Blog Post

Hernia 101

August 21, 2017

Alan Buchele, MD, FACS
The most common symptoms for a hernia include a lump in the abdomen or groin, which may or may not disappear while lying down or applying pressure

 

According to the National Center for Health Statistics, five million Americans have a hernia, yet only 750,000 seek treatment each year. A hernia can be uncomfortable, unsightly and painful, and even cause life-threatening complications. However, some hernias cause no symptoms. Don’t let a hernia stand in the way of your health, comfort or daily activities. Take the steps to learn about hernias and treatment options.

A hernia is a protrusion, or bulge, of an organ or tissue through an abnormal opening in the body. Most hernias occur through a weakness in the abdominal wall – creating a lump you can see and feel. This protrusion may develop in the groin, around the navel or near a previous surgical incision. Hernias may develop slowly over a period of months or years but can also develop more rapidly. Some hernias are even present at birth.

The most common symptoms for a hernia include a lump in the abdomen or groin, which may or may not disappear while lying down or applying pressure. The lump may continue to increase in size over time. One may also experience a dull, aching sensation that increases with activity.

Hernias have many causes – some of the most common include:

  • Congenital (present at birth)
  • Muscle weakness due to weight gain and aging
  • Muscle strain from heavy lifting and/or pregnancy
  • Strenuous activity
  • Injury
  • Scar from previous abdominal surgery
  • Chronic coughing or sneezing

Diagnosis of a hernia can be as simple as a physical exam by your physician. If the hernia isn’t easily apparent, your physician may suggest imaging, such as a CT scan, or a referral for follow-up with a surgeon. After diagnosis, a variety of different treatment options for hernias are available, but the only way to effectively treat a hernia and provide long-lasting relief is to have it surgically repaired.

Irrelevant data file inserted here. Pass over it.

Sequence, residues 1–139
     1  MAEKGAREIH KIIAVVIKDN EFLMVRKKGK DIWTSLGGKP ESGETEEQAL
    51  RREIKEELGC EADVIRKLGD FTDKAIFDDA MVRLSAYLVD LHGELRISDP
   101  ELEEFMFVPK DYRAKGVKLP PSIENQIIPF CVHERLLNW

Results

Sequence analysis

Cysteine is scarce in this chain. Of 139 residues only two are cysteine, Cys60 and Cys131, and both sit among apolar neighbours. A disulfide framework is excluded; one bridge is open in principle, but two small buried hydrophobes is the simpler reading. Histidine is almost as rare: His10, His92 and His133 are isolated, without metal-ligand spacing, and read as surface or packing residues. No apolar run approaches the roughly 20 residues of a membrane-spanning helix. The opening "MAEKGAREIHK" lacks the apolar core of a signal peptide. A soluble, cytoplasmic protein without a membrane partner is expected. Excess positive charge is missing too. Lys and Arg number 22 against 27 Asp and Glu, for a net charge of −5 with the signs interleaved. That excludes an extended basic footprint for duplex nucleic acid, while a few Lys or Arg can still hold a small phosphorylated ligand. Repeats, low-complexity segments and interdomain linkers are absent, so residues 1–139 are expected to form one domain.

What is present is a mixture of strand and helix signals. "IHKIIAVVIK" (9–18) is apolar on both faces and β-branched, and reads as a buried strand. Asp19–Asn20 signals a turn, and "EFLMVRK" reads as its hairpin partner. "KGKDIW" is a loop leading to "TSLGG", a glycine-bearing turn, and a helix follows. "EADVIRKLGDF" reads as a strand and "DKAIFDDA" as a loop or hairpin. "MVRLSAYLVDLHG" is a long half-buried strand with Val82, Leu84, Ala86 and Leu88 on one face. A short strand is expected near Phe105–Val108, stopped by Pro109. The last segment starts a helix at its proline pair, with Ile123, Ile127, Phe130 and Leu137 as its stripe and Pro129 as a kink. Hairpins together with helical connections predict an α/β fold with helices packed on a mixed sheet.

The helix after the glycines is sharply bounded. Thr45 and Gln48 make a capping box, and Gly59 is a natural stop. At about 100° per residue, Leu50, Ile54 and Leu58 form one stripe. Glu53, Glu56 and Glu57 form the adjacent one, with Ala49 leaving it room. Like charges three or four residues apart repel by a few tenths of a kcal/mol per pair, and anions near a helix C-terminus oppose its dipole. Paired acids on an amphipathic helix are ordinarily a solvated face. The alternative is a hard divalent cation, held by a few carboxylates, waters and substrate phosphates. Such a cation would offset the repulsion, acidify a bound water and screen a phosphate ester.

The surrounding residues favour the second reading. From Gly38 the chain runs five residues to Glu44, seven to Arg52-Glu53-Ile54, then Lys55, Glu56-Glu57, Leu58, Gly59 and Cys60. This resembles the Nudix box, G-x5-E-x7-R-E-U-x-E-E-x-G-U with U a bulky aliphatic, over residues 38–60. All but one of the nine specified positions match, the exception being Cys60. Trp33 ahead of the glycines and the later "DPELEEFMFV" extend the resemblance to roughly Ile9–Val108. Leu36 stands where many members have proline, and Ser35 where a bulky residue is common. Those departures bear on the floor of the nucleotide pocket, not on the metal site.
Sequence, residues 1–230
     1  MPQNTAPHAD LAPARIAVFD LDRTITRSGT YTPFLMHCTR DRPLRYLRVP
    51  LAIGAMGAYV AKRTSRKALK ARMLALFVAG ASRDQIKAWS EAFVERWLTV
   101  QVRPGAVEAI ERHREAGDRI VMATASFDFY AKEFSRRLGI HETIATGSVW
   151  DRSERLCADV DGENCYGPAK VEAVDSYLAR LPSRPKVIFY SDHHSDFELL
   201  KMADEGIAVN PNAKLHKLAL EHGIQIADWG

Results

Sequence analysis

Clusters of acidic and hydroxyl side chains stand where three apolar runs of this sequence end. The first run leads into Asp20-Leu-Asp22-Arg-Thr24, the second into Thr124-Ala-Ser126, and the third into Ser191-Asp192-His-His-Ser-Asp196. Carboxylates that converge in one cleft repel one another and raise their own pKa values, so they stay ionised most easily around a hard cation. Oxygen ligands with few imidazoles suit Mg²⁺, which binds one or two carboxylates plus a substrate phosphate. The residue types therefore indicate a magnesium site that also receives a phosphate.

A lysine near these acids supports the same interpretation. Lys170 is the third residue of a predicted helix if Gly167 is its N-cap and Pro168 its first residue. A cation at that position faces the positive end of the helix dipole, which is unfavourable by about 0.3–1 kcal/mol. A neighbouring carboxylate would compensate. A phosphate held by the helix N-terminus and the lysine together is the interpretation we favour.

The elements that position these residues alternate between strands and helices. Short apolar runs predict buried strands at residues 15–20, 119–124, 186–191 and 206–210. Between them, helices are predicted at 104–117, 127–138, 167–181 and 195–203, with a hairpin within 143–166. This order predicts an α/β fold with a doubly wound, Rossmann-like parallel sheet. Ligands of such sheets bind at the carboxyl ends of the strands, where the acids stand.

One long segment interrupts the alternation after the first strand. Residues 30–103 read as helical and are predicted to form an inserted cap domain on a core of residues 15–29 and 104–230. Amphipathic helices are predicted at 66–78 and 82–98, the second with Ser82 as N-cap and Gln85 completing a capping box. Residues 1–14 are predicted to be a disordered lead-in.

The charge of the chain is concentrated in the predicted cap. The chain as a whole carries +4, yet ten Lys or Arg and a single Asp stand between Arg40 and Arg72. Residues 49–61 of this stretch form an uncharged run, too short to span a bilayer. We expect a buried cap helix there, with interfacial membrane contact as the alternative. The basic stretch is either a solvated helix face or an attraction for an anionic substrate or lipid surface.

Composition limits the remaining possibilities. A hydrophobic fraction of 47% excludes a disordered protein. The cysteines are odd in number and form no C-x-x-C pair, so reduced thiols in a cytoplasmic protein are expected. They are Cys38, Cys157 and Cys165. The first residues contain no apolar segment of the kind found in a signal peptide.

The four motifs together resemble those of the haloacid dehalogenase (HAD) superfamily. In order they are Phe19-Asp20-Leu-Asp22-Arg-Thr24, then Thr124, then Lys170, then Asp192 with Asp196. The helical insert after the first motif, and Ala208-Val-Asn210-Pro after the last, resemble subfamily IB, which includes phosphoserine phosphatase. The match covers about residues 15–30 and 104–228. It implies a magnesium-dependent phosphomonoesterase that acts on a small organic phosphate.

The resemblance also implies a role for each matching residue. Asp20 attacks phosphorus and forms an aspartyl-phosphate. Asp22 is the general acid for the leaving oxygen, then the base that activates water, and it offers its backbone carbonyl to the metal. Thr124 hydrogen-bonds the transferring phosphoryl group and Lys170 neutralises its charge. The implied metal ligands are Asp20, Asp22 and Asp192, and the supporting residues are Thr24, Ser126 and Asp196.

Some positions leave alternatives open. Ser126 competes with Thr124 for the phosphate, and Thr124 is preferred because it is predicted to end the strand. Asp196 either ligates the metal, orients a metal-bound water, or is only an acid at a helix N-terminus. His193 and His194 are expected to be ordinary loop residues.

Hernia repairs are common, routine surgical procedures, most often repaired one of two ways – open surgery or minimally invasive laparoscopic surgery. Open surgery is when a surgeon makes an incision in the abdominal wall to repair the hernia, whereas laparoscopic surgery is when the surgeon makes a few small incisions, inserts long thin tools and a camera, and repairs the hernia. Most of the time, hernia repairs are outpatient procedures. In both surgical methods, the hernia is most commonly repaired using mesh reinforcement, which generally decreases recurrence, is well accepted by the body and encourages healthy tissue growth.

Hernias are common in both men and women of all ages. If you are experiencing discomfort, don’t wait! Schedule your physical exam with your primary care physician today, or call a Freeman General Surgeon.

About the Author

Alan Buchele, MD, FACS, earned his medical degree from Baylor College of Medicine, Houston, Texas. Board-certified in general surgery, he completed his residency at the University of Nebraska Medical Center, Omaha, Nebraska. Dr. Buchele is a fellow of the American College of Surgeons, and he currently serves as Governor of the Southwest Missouri Chapter of the American College of Surgeons – representing surgeons of multiple specialties in Southwest Missouri on a national level. Dr. Buchele has practiced medicine in Joplin since 1996 – joining Freeman Physician Group in 2011. He also sees patients in Pittsburg, Kansas, at Freeman Physician Group of Pittsburg. For more information about hernias, please visit freemanhealth.com/hernia or call 417.347.8585.